Nursing Medication Administration and Workflow Using Computerized Physician Order Entry

The benefits of computerized physician order entry systems have been described widely; however, the impact of computerized physician order entry on nursing workflow and its potential for error are unclear. The purpose of this study was to determine the impact of a computerized physician order entry system on nursing workflow. Using an exploratory design, nurses employed on an adult ICU (n = 36) and a general pediatric unit (n = 50) involved in computerized physician order entry-based medication delivery were observed.

Impoverished children with asthma: a pilot study of urban healthcare access.

 ISSUES AND PURPOSE: Using Andersen's Behavioral Model of Health Care Use, this pilot study was conducted to better understand the experiences of children with asthma as they access an urban healthcare system.

A qualitative study of persons who are 100% adherent to antiretroviral therapy.

This qualitative study examined the medication-taking behaviors and attitudes of participants determined to be 100% adherers to antiretroviral therapy from a NIH-funded study testing a 12-week telephone adherence intervention. Using open-ended questions, interviewers collected data on a sample of 13 informants, whose medication adherence to a randomly selected antiretroviral medication was 100%, based on a 30-day data collection using electronic event monitoring (EEM). The analysis revealed 'successful medication management' as the core category or main theme.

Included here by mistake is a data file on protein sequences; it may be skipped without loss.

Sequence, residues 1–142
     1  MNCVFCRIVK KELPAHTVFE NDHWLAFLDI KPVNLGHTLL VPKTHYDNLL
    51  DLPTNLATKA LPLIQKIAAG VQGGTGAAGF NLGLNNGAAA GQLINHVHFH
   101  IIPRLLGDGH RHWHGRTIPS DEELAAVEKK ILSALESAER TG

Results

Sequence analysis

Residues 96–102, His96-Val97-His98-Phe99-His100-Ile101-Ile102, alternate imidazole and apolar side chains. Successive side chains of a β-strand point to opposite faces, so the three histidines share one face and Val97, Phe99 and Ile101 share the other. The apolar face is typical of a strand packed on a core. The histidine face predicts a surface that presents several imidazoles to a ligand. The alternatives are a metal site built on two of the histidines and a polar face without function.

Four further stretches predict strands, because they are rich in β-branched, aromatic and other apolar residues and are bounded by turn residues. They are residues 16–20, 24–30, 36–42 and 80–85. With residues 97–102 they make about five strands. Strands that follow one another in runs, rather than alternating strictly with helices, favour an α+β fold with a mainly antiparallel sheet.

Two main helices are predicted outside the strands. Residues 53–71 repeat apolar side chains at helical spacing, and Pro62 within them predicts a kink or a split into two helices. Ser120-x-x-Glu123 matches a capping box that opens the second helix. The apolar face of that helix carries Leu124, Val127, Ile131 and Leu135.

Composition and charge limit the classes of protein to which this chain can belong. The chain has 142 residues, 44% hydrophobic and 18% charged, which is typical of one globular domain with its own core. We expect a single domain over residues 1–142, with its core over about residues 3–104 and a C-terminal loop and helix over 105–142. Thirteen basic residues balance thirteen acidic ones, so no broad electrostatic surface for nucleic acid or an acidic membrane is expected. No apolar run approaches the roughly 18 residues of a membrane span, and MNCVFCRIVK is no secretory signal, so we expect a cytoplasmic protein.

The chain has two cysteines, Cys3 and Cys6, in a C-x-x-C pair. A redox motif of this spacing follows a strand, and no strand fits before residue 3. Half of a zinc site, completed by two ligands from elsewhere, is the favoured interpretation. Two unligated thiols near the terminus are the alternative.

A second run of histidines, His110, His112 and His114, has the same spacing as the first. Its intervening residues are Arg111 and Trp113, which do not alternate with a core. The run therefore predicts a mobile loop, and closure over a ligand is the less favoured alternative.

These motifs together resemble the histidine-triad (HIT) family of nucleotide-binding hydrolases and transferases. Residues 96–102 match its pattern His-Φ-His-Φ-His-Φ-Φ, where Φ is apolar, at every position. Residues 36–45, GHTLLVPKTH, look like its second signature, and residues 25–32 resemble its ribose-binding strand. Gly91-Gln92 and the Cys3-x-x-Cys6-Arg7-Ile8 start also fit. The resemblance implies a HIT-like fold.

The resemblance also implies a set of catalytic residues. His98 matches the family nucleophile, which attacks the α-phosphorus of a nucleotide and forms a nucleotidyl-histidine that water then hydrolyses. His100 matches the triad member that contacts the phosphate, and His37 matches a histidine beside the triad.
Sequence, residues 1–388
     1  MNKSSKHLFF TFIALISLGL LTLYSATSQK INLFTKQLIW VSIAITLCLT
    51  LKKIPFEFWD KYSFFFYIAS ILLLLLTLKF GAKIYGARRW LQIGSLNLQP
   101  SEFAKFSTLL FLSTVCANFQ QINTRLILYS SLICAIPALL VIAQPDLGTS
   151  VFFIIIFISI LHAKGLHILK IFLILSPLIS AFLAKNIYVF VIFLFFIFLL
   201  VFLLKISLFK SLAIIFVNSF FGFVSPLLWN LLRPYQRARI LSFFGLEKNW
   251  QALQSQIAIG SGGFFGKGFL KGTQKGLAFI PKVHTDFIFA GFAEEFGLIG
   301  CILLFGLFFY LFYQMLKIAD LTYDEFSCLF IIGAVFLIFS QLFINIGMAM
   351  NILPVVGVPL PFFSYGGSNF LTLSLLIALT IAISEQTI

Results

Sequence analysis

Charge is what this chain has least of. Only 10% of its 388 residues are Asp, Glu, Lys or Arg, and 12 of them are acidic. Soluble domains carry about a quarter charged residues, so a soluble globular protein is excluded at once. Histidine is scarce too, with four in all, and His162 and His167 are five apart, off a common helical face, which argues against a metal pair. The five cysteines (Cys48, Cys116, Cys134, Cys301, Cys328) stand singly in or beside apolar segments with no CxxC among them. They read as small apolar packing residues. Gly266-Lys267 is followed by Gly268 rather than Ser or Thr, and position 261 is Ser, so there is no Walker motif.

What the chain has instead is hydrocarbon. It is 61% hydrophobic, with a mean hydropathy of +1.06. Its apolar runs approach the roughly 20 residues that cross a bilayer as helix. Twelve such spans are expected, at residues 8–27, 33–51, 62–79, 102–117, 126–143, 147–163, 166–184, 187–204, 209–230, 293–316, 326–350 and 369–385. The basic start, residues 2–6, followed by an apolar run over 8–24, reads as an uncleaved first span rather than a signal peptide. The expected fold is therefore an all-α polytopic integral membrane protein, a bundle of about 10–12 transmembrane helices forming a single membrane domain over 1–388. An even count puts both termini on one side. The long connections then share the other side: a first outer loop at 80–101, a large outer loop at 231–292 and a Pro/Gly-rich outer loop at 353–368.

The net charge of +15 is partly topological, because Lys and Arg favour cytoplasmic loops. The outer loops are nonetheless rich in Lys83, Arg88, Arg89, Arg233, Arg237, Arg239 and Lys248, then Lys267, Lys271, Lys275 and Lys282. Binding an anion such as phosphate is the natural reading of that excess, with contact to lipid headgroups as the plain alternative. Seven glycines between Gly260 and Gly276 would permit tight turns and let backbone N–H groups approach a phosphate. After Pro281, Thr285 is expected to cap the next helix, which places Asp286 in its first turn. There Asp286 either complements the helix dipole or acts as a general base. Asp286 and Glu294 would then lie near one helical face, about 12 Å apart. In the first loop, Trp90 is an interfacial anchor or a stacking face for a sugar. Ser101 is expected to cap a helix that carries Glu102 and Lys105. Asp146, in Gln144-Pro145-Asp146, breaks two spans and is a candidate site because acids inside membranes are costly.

Examining Racial and Ethnic Disparities and Predictors of Medication Use Among California’s African-American, Latino, and White Children with Asthma

The purpose of this study was to determine the factors that are associated with the use of prescription medication to control asthma in California's African-American, Latino, and White children from 1 to 11 years of age. This was a secondary analysis of parental reports of the use of prescription medication by children with current asthma symptoms (defined as MD diagnosis of asthma). These children were identified from a cross-sectional survey called the California Health Interview Survey (CHIS), 2001. An overall sample of 1,313 children with current asthma was used in the study.

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